The federal government recently printed $4 trillion for the bank bailouts in its quantitative easing program with no inflation. Our plan for a Universal Basic Income uses mostly money already in the economy. In monetary economics, leading theory states that inflation is based on changes in the supply of money. Our UBI plan has minimal changes in the supply of money because it is funded by a Value-added Tax.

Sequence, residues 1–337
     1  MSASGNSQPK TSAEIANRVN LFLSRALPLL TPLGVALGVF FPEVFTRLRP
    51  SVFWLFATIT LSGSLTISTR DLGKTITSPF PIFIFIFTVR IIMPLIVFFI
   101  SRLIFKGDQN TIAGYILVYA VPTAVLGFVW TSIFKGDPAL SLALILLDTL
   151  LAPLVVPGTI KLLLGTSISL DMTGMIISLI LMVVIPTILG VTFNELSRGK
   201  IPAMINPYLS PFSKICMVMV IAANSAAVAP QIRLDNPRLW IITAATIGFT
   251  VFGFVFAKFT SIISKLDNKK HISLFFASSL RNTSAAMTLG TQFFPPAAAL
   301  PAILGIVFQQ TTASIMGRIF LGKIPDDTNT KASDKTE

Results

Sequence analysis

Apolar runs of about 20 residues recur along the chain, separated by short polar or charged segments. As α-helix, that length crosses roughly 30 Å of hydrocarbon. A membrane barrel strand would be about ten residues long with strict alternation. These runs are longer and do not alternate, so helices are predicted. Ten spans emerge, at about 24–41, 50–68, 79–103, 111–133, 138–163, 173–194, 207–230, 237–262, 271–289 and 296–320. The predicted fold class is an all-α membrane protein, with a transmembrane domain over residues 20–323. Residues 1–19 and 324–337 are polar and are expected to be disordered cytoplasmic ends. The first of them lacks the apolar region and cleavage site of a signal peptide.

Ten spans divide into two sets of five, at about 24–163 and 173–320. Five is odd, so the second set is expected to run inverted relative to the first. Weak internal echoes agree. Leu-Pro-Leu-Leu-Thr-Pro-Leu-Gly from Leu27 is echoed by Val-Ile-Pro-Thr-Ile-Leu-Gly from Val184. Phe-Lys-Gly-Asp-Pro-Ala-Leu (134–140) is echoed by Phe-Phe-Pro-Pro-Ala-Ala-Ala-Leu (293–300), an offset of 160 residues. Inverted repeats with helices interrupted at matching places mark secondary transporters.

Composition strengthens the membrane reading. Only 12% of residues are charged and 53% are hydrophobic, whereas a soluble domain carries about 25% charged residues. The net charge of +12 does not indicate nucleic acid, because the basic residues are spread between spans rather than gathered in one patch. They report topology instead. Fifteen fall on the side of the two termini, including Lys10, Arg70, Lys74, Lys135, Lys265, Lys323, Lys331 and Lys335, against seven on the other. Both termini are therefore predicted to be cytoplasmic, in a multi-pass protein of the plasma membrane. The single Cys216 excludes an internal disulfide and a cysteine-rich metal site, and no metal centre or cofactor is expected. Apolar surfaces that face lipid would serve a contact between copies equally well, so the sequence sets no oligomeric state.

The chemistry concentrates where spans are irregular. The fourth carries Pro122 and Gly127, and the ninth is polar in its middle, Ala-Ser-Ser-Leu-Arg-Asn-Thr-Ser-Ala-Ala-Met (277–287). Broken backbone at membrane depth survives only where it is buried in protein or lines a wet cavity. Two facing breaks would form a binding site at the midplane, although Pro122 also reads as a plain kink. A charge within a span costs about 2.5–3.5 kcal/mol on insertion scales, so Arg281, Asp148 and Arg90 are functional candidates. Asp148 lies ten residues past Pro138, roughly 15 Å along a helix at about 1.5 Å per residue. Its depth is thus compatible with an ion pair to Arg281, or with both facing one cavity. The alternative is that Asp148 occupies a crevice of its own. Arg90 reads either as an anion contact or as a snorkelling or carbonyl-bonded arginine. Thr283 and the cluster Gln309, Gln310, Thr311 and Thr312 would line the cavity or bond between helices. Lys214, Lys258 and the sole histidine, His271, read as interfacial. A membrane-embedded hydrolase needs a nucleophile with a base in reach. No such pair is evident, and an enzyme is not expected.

It is likely that some companies will increase their prices in response to people having more buying power, and a VAT would also increase prices marginally. However, there will still be competition between firms that will keep prices in check. Over time, technology will continue to decrease the prices of most goods where it is allowed to do so (e.g., clothing, media, consumer electronics, etc.). The main inflation we currently experience is in sectors where automation has not been applied due to government regulation or inapplicability – primarily housing, education, and healthcare. The real issue isn’t Universal Basic Income, it’s whether technology and automation will be allowed to reduce prices in different sectors.See more FAQs